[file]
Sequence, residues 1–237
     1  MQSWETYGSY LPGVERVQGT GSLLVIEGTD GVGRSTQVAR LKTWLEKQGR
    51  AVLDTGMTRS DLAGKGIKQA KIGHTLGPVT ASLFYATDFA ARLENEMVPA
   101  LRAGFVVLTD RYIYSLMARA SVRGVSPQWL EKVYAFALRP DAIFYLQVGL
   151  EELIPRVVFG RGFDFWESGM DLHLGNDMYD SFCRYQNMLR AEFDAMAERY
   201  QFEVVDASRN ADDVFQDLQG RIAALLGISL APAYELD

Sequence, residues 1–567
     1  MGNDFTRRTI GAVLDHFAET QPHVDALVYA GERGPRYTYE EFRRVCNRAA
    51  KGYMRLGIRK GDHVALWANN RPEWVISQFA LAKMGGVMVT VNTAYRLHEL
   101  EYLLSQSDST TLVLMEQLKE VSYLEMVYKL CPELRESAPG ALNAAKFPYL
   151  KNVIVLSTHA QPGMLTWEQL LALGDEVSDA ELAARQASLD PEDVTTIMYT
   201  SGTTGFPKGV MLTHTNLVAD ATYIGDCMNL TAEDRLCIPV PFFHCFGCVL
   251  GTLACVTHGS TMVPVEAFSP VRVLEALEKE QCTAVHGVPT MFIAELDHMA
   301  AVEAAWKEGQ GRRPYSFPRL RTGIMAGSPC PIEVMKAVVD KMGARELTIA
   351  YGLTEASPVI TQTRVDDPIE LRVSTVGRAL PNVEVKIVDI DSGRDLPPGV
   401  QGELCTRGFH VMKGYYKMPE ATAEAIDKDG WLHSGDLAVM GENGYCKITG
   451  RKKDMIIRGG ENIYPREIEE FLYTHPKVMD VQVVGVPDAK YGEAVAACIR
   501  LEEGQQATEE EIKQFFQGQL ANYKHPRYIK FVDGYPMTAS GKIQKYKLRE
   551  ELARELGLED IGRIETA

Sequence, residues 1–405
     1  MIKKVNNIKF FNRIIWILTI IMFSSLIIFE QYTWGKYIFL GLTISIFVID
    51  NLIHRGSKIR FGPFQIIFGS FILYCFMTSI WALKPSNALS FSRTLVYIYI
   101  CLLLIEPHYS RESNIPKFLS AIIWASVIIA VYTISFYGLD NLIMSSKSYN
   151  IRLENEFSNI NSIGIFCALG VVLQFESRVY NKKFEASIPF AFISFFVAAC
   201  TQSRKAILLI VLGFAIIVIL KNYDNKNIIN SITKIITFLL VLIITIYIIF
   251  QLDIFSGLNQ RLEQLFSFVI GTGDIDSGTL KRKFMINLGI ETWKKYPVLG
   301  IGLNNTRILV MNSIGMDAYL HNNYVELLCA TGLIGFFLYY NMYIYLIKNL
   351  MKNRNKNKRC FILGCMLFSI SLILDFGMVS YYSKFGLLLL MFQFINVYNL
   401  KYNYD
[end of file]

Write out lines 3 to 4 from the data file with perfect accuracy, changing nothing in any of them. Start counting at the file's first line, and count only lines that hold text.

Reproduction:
    51  AVLDTGMTRS DLAGKGIKQA KIGHTLGPVT ASLFYATDFA ARLENEMVPA
   101  LRAGFVVLTD RYIYSLMARA SVRGVSPQWL EKVYAFALRP DAIFYLQVGL